Pontoon boat storage will probably be one of the banes of your boat ownership experience. Yes, you might love your boat while you’re out and about, enjoying the breeze in your hair while you crack open a cold one. But when it’s time to tuck that baby in, you might find yourself reeling with questions.
The biggest difficulty with storage is that you have to find the perfect balance between security and convenience. And that’s why boat owners who have extra green turn to boat lifts to quench the fires of confusion and stress. If you’re looking to join in on the bandwagon, here’s a quick guide on pontoon boat lift prices.
Estimated Prices for Pontoon Boat Lifts
Although every boat lift serves the same purpose, they won’t all cost the same thing. Manufacturer, model, material, size, and a host of other factors can change the price for a pontoon boat lift. So choosing the right one for your boat will depend not only on your preferences but also on how much you’re willing to spend.
Here are some estimated prices for pontoon boat lifts:
1200lb Cantilever PWC Lift
$1,300 - $1,415
Double 1200lb Cantilever PWC Lift
1200lb Vertical PWC Lift
3200lb Cantilever Pontoon lift (to 22')
4200lb Cantilever Pontoon Lift (to 28')
$3,661 - $9,537
Premium Vertical Lift
Up to $12,000
Remember that these prices are exclusive of the cost of canopies. So you might have to shell out extra to have one installed. Again, prices vary between models and manufacturers. Standard canopies tend to be cheaper, starting at $2,350. High top canopies tend to be more expensive, with their cheapest alternative priced at around $3,098.
If you’re willing to go the extra mile for your boat’s lift, ShoreMaster offers a premium package that includes both a hydraulic lift and a canopy. The ShoreMaster SSV50120HS provides effortless performance and reliable structure that sells for top dollar at $17,905.99.
What Type of Lift Do You Need?
While the prices can sort of help you narrow down your choices, it’s also important that you consider your needs before you go buying a boat lift. These storage solutions come in a range of designs and models, so not all of them will cater to your expectations and preferences the same way.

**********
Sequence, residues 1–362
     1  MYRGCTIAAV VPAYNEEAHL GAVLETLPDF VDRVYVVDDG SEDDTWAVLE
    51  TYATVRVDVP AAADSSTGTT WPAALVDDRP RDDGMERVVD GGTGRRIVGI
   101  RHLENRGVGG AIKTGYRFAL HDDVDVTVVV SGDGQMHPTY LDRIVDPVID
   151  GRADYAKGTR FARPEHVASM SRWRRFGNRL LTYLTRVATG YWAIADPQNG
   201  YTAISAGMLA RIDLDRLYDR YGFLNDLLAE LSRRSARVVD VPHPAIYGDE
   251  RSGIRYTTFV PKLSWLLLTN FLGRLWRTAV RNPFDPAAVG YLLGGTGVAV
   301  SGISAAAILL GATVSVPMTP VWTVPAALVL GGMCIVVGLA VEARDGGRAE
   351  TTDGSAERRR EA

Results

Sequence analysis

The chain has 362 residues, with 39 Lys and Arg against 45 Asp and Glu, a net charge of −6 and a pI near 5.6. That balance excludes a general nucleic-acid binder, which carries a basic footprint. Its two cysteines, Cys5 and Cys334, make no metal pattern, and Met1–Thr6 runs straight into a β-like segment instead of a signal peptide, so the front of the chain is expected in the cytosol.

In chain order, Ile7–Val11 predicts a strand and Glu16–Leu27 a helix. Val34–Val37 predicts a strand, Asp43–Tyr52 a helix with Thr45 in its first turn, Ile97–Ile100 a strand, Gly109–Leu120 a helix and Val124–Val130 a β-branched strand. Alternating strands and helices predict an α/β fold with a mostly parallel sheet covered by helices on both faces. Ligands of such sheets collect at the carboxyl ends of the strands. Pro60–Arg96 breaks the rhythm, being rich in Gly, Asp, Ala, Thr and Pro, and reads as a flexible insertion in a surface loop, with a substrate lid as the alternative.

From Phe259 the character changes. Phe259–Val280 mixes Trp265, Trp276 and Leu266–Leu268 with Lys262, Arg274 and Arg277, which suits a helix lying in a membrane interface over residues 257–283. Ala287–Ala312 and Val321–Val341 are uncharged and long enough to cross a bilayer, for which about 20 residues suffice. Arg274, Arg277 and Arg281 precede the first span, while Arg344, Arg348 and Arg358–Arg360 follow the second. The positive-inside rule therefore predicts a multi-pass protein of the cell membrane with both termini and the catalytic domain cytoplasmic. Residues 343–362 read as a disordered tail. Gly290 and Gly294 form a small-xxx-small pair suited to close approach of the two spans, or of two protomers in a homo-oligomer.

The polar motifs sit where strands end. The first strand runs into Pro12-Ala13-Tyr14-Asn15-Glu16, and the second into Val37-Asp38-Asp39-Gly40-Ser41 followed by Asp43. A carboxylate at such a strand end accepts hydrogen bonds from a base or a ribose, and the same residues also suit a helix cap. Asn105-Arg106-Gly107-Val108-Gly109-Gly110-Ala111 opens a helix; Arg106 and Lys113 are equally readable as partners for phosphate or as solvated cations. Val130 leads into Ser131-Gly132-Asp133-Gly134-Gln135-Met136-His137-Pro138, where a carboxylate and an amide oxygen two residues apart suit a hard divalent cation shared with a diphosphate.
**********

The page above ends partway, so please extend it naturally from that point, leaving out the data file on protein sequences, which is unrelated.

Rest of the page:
Free Standing Pontoon Lifts
The reason why these are called ‘free standing’ is because they don’t have to attach to a dock. These include cantilever and vertical boat lifts. Free standing boat lifts are generally heavier than most other models. So once they’re in place, it won’t be possible to move them.
For the most part, they’re ideal for water conditions where strong winds and high waves are common. You can adjust how high up your pontoon boat will sit by adjusting the lift’s frame. They’re also ideal for areas where the bed beneath the water might not be level.
Floating Boat Lifts
Floating boat lifts typically use air/water displacement. They’re super silent and work best in saltwater locations. That’s because their design ensures that all of their metal and steel parts are kept up and out of the water at all times.
Usually, floating boat lifts are ideal for shallower waters. Some air/water displacement lifts need no more than 4 feet of water to work, which may be ideal if you prefer docking your boat near a gently elevating shoreline.
Floating Hydraulic Pontoon Lifts
While they’re technically categorized with floating lifts, the hydraulic pontoon boat lift deserves a solo mention. This is the latest and the greatest in pontoon boat lift technology, providing maximum convenience and reliability even in harsh conditions.
Working in waters as shallow as 12 inches, the floating hydraulic pontoon lift has made it possible for boat owners to store their boat nearer to their home, in waterways that might not have been previously ideal for storage because of the shallow depth.
They attach to everything including a pier, moorings, buoys, and slips/docks, which allows a wider application across various locations. They can also be removed and relocated, which is pretty revolutionary considering how its predecessors work.
Best Brands for Boat Lifts
For the record - every company that manufactures pontoon boat lifts will comply with some pretty high standards. So it’s going to be tough to find a brand that doesn’t manufactures lifts that are built to last. But then again, just as any other purchase, there’s something to be gained out of choosing a brand that goes above and beyond expectations.